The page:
Taken from The Star, letter section, by Vincent Teh.
I HAD the privilege of being a temporary teacher at a primary school in rural Selangor, but I left feeling truly honoured to have had the experience of being a “cikgu” even if it were only for two weeks.
I am amazed at the amount of work that teachers put in to mould and mentor their young charges and totally agree that it is indeed a noble profession.
Teachers, traditionally, are supposed to teach and educate the young.
They also need to inculcate good moral values in youngsters so they can be better people.
Their focus is not only to teach. They also have to train their students for numerous sporting competitions.
This is not all, they have to single-handedly deal with the organising and preparation involved in getting the medals, gifts and certificates.
What’s more, they attend courses and meetings during school hours and at the same time have to keep up with the syllabus.
As if this isn’t enough, they are bogged down with paper work which involves the filling in of forms and writing reports about the extra-curricular activities.
Looks like the Education Ministry is trying to convert teachers into office workers!
What is the role of the school clerk then? Or have they been given other jobs?
I am told by a teacher that most of the paperwork, like the reports for the extra-curricular activities, is unnecessary and is just done for the sake of pleasing senior officials in the State Education Department and the Education Ministry.
No one actually reads them, and the documents either collect dust or are eventually thrown away. Isn’t this is a waste of time, money and resources?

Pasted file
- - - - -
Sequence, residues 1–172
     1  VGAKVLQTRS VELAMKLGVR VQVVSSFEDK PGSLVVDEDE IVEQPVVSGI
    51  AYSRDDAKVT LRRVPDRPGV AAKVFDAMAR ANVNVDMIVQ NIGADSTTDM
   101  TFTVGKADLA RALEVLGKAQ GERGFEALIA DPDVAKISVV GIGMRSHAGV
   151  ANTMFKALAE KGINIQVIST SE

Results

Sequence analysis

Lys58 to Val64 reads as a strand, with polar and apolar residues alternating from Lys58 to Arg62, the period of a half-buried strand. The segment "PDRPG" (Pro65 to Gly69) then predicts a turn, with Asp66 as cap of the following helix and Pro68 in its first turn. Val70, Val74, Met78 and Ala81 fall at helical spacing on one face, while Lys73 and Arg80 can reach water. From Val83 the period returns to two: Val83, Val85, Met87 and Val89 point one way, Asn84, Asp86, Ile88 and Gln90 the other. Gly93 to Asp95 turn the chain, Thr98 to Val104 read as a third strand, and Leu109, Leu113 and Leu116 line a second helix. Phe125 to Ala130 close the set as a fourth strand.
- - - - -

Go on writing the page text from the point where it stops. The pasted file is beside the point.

Based on my observations, the teachers already have a packed schedule and countless books to mark.
They also have to prepare teaching materials before entering the class, but it is worth their effort because it is for the sake of the students.
However, the non-teaching chores take too much time and they are unable to devote enough time to teach their pupils.
Every time when there is degradation in the major exam results, the government will quickly blame a certain policy for failing to achieve its objectives, but has anyone thought that the heavy workload that teachers have to put off with might be the underlying reasons for students to be unprepared for their exams.
I have some suggestions that may be of help to reduce the paperwork that teachers are burdened with.
Â·Increase the number of clerks in the school as this will reduce the workload of teachers. It will increase job opportunities for those keen on clerical services.
Â·Train more PJK (Physical Education) teachers, so they can replace core-subject teachers and be specially in charge of training the students and bringing them to participate in the sporting competitions.
Â·Courses should be conducted during school holidays.
This will enable teachers to complete the syllabus and leave them with considerable time to carry out revision and extra classes for weaker students.
The government has to listen to the people. There is a Chinese proverb which says that sincere advice always sounds harsh to the ears, but it must be acted upon, if we want to see the results.